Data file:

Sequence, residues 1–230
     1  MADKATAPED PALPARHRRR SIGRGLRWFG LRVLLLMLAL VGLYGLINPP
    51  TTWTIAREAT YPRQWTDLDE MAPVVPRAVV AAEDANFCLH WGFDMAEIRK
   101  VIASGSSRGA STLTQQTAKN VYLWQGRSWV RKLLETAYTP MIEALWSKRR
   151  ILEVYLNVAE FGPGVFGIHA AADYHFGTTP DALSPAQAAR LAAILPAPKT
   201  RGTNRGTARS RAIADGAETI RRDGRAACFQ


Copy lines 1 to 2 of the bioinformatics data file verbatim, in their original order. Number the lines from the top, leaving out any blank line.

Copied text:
Sequence, residues 1–230
     1  MADKATAPED PALPARHRRR SIGRGLRWFG LRVLLLMLAL VGLYGLINPP